This is why I think it's basically justified to care about economy-growing automation of innovation as "the right working definition" from the x-risk reduction perspective for a funder like Open Phil in particular, which isn't what an AI researcher like Francois Chollet cares about. Which is fine, different folks care about different things. But calling the first definition "wrong" feels like the sort of mistake you make when you haven't at least good-faith effort tried to do what Scott suggested here with the first definition: 

... if you're looking into something controversial, you might have to just read the biased sources on both sides, then try to reconcile them.

Success often feels like realizing that a topic you thought would have one clear answer actually has a million different answers depending on how you ask the question. You start with something like "did the economy do better or worse this year?", you find that it's actually a thousand different questions like "did unemployment get better or worse this year?" vs. "did the stock market get better or worse this year?" and end up with things even more complicated like "did employment as measured in percentage of job-seekers finding a job within six months get better" vs. "did employment as measured in total percent of workforce working get better?". Then finally once you've disentangled all that and realized that the people saying "employment is getting better" or "employment is getting worse" are using statistics about subtly different things and talking past each other, you use all of the specific things you've discovered to reconstruct a picture of whether, in the ways important to you, the economy really is getting better or worse.

Note also that PASTA is a lot looser definitionally than the AGI defined in Metaculus' When will the first general AI system be devised, tested, and publicly announced? (2031 as of time of writing), which requires the sort of properties Chollet would probably approve (single unified software system, not a cobbled-together set of task-specialized subsystems), yet if the PASTA collective functionally completes the innovation -> resources -> PASTA -> innovation -> ... economic growth loop, that would already be x-risk relevant. The argument would then need to be "something like the Chollet's / Metaculus' definition is necessary to complete the growth loop", which would be a testable hypothesis.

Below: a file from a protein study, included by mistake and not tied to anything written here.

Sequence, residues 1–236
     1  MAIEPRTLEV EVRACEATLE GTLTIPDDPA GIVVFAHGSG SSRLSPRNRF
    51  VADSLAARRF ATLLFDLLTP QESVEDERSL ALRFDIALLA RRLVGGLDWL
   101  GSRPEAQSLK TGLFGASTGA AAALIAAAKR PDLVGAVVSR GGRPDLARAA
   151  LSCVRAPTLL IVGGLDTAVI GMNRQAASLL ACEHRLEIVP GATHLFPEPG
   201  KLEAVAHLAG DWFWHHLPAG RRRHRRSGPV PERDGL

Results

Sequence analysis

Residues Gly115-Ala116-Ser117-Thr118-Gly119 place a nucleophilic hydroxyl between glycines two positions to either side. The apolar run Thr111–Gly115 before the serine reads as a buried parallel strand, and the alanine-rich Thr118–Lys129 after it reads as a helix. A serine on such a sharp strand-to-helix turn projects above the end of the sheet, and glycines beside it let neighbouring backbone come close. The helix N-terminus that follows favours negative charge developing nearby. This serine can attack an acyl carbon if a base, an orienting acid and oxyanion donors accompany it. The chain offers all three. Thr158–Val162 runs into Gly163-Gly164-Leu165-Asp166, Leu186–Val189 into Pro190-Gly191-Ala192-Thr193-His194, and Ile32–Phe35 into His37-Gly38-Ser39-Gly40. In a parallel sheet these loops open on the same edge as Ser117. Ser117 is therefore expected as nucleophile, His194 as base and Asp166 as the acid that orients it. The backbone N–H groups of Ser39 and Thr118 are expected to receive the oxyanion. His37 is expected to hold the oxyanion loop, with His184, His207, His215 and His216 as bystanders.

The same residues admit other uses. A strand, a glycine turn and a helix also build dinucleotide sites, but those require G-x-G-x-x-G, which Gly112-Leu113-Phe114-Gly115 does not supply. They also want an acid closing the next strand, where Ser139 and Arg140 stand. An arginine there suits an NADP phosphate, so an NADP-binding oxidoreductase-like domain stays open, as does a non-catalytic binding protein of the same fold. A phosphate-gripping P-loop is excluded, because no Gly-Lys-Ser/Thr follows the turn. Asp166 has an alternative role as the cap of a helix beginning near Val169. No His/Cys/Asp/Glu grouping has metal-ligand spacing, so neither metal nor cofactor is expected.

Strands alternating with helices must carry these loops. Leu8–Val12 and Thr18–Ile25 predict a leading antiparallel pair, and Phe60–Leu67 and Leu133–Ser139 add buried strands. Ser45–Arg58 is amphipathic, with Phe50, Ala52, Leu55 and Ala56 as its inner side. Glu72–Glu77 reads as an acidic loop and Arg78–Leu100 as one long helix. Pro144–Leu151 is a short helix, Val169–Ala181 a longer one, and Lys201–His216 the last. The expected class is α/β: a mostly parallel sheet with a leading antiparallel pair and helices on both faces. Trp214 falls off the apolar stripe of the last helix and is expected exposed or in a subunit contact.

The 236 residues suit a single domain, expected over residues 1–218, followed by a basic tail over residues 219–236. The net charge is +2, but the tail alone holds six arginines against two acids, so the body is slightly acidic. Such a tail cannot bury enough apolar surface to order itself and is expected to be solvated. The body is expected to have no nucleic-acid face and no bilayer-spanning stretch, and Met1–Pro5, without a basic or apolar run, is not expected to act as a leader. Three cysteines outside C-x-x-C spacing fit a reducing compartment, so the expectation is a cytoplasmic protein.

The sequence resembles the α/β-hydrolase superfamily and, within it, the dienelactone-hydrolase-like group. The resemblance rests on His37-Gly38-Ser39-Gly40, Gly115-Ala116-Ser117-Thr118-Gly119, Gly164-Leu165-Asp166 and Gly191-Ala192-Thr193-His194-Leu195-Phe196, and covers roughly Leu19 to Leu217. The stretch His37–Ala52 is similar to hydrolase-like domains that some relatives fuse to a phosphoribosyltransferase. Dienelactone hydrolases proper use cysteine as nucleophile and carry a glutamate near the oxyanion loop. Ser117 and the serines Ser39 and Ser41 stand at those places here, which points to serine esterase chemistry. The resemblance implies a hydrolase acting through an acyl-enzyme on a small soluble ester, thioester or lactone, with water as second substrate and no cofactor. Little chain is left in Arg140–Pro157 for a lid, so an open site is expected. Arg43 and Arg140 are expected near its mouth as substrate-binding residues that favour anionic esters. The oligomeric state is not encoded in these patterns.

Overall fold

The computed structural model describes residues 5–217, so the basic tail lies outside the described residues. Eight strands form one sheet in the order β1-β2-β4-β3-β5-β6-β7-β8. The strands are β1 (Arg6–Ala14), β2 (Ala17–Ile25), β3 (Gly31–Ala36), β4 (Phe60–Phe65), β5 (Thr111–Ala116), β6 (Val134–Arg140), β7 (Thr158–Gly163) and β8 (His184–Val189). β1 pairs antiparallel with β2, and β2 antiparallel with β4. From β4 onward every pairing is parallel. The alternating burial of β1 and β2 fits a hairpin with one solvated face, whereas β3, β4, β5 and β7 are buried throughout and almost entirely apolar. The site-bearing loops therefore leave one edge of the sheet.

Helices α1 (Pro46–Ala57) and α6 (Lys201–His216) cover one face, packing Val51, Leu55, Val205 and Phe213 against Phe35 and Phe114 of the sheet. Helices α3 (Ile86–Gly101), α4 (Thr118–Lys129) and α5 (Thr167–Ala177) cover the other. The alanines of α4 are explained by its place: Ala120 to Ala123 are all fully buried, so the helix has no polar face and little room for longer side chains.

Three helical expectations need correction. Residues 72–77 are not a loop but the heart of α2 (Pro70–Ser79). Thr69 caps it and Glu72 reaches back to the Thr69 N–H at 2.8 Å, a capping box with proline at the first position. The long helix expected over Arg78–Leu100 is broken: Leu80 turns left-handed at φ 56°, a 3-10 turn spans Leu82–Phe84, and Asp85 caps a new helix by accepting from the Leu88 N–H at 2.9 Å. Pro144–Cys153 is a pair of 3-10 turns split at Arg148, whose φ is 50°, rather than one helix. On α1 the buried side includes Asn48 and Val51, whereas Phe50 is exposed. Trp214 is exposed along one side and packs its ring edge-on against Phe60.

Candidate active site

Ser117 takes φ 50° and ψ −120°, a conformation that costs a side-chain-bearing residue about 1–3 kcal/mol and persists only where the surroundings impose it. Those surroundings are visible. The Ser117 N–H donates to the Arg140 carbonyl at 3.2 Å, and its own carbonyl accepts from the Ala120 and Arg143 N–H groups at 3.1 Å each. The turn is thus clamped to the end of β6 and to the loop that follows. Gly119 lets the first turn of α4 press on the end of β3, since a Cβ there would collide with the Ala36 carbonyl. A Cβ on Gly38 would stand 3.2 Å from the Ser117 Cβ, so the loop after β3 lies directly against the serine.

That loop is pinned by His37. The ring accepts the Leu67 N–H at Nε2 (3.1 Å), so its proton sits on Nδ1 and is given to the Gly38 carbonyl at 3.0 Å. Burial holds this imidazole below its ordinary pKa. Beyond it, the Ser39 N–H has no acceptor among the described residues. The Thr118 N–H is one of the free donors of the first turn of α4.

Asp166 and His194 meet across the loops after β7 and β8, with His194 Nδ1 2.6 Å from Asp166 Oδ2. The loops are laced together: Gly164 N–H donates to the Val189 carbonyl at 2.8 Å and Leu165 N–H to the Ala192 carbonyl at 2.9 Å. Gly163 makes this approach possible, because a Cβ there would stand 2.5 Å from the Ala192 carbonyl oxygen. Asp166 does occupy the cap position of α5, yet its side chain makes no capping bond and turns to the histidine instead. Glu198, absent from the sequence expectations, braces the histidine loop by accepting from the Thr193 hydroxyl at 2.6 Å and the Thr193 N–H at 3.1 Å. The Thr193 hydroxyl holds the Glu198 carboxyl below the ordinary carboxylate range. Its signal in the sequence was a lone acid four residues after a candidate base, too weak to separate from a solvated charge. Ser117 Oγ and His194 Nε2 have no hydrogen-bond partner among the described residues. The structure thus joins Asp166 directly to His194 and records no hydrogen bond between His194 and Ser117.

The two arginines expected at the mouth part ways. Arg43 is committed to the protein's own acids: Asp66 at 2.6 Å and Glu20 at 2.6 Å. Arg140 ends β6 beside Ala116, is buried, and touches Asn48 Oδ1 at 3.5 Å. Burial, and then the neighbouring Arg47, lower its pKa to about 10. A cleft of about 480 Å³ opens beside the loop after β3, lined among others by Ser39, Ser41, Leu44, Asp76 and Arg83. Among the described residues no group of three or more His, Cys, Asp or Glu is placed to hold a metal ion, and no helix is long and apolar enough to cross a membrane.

AMF does. Quoting Rob Mathers' (AMF CEO) recent post, emphasis mine:

Many recognise the impact of AMF’s work, yet we still have significant immediate funding gaps that are over US$300m. ...

There is already a significant shortfall in funding for malaria control activities, including for net distribution programmes so miraculous things will have to happen in the coming year if we are to get anywhere close, globally and across all funding partners, to where we need to be to be able to drive malaria impact numbers down. Counterfactually of course, if the funding that is being brought to bear was not there, the number of people affected by malaria would be horrifically higher. Currently there are ~620,000 deaths a year from malaria and 250 million people fall sick.